Against the background of winter, the ceremonial change of [train] cars and engines acquired a strange new meaning. An exciting sense of rodina, “motherland,” was for the first time organically mingled with the comfortably creaking snow, the deep footprints across it, the red gloss of the engine stack, the birch logs piled high, under their private layer of transportable snow, on the red tender. (96)
Nabokov’s use of the Russian term suggests one of two things: either he remembered feeling a very specific emotion that could only be explained in Russian, or he remembered a prior verbalization of that emotion in Russian, and that verbalization seemed apt. In either case, something in this memory made Nabokov use rodina in an English text. Furthermore, Nabokov suggests that while this particular moment might have been the first time he felt a “sense of rodina,” it was not the first time he considered the emotional implications of this concept. By inserting the adverbial clause, “for the first time,” Nabokov presents the “sense of rodina” as something he should have felt in the past. The fact that he feels “a sense of rodina” for the first time surprises the child Nabokov much more than the feeling itself—which, it seems, he might have internally articulated long before. In these lines, more than in other passages about rodina/homeland, the reader can see Nabokov retelling a pre-articulated Russian memory in the English language.
Even though Nabokov recalls Russian memories, the fact that he must express them in English affects the formulation of those thoughts. In the passage above, he seems to sidestep this problem by inserting Russian terminology. However, the paragraph’s last sentence suggests otherwise. “That particular return to Russia,” Nabokov concludes his paragraph, “my first conscious return, seems to me now, sixty years later, a rehearsal, not of the grand homecoming that will never take place, but of its constant dream in my long years of exile” (96). These lines express a completely different sense of rodina than do those earlier in the paragraph. In fact, the feeling expressed in the last phrases of this concluding sentence aligns almost perfectly with the explication of the English-language “homeland.” The nostalgia, the hopeless but necessary yearning, prevalent in the explication of “homeland” as something left behind, eclipses the familial relationship and the responsibilities contained in the explication of rodina.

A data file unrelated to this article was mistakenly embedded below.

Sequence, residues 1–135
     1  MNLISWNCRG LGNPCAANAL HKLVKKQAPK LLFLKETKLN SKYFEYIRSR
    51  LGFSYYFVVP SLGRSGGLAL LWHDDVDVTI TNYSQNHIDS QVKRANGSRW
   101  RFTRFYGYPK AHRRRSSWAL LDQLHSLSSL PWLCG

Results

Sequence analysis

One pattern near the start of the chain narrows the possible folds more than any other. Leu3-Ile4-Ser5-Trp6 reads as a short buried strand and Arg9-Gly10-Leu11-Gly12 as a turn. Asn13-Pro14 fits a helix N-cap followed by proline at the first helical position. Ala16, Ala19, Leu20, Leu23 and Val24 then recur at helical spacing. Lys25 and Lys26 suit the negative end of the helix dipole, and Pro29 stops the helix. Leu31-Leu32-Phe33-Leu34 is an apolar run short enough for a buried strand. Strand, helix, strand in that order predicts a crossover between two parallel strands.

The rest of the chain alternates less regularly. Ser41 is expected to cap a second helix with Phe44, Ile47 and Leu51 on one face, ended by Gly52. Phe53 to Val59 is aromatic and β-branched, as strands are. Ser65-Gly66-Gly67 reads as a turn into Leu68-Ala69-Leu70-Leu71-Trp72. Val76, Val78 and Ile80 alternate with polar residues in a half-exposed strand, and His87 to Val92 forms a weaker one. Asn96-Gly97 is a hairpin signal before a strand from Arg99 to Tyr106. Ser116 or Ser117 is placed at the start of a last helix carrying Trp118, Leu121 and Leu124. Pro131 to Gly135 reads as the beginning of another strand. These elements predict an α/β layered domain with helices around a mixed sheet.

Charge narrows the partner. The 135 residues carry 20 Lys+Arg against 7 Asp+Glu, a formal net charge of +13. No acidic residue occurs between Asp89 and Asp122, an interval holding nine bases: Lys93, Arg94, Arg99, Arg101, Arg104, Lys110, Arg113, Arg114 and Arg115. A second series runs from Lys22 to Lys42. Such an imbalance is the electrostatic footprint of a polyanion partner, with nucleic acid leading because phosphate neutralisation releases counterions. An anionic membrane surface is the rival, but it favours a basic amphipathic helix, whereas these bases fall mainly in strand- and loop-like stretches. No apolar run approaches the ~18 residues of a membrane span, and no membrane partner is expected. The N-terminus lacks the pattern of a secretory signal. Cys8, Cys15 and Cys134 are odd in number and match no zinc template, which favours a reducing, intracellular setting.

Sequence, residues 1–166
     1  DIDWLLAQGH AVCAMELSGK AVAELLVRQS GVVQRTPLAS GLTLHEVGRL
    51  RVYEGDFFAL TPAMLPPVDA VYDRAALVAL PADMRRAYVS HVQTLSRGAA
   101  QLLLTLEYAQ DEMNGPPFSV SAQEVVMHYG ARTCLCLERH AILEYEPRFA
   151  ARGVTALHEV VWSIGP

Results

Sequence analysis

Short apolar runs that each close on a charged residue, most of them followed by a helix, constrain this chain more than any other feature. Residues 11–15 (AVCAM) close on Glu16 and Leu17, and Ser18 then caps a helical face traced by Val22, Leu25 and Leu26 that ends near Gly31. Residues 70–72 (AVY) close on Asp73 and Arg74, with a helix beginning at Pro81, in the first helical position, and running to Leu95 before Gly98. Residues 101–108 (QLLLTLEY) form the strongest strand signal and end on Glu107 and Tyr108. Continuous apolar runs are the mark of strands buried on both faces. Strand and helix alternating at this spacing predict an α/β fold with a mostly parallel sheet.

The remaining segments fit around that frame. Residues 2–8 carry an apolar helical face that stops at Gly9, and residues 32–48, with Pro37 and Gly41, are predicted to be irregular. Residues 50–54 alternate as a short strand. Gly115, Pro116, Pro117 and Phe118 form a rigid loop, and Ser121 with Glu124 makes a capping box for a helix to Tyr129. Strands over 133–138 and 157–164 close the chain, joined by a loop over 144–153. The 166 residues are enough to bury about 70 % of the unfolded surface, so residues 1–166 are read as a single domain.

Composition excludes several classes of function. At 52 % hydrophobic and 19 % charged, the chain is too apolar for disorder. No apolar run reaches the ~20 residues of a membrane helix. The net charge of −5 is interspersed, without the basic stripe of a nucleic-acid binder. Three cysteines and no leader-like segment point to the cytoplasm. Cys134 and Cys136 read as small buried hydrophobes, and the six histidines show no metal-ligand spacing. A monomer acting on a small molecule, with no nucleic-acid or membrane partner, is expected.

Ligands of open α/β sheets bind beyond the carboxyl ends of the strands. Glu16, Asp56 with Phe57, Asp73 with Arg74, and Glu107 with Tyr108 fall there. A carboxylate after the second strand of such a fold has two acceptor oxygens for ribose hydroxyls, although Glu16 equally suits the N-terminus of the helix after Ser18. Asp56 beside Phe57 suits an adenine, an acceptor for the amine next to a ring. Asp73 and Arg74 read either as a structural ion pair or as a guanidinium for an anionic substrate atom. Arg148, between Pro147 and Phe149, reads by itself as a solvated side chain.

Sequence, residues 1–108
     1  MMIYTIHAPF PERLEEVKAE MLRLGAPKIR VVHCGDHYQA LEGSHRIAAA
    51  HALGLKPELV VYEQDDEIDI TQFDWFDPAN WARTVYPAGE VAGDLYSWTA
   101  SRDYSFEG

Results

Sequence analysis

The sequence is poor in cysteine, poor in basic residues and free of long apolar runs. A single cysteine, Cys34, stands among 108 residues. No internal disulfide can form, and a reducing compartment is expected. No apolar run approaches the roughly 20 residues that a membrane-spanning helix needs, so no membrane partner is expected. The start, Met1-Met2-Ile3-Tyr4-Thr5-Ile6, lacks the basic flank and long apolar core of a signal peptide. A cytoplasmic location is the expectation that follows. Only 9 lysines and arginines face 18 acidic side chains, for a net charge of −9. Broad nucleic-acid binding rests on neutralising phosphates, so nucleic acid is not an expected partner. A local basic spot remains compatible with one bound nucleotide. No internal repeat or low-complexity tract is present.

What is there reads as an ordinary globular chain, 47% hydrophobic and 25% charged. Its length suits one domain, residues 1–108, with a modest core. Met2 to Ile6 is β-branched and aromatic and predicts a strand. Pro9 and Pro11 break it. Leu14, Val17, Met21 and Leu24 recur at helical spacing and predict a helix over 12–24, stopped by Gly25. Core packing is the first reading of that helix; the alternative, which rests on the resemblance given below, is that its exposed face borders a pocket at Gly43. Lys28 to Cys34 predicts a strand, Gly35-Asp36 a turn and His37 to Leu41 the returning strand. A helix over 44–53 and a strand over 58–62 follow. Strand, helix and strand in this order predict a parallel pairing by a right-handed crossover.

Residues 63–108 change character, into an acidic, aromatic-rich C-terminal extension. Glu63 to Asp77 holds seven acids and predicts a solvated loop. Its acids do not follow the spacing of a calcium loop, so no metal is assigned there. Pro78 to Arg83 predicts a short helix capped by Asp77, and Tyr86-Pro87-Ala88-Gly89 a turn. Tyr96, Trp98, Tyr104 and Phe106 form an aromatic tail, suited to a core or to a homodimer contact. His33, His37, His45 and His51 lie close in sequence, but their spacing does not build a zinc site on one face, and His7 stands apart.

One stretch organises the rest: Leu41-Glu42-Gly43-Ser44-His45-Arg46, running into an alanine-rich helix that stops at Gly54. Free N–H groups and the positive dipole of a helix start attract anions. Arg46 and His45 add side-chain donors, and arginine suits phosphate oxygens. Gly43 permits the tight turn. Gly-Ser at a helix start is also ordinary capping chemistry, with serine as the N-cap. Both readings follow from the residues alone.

Significantly, Nabokov focalizes this sentence differently from sentences earlier in the paragraph. As in many of Nabokov’s English-language works, the narration in Speak, Memoryvacillates between two major first-person focalizations. The critic James Phelan finds the same type of dichotomy in Lolita. In his work “Dual Focalization, Discourse as Story, and Ethics,” Phelan names the two focalizations in first-person narration; the first is the “experiencing-I,” and the second, the “narrating-I.” We can apply Phelan’s distinction to Speak, Memory by assigning the “experiencing-I” to young Nabokov (anywhere from his first memory to age 41), and the “narrating-I” to Nabokov, the autobiographer.
Though Nabokov denies it, it seems plausible to think that the experiencing-I—a young Russian boy—would be more inclined to formulate his thoughts in Russian, while the narrating-I—a mature English-language writer—would be more inclined to formulate his in English. The difference in the two sentences analyzed above supports this intuition. The sentence containing the “sense of rodina” focalizes through young Nabokov. This feeling excites the child, not the narrator. Yet the paragraph’s final sentence explicitly focalizes through the narrating-I, by using the present tense and recording how this return to Russia “seems to [Nabokov] now, sixty years later.” The contrast between these two sentences suggests at least the plausibility that Russian tints Nabokov’s childhood memories, while English colors his reflections on those recollections.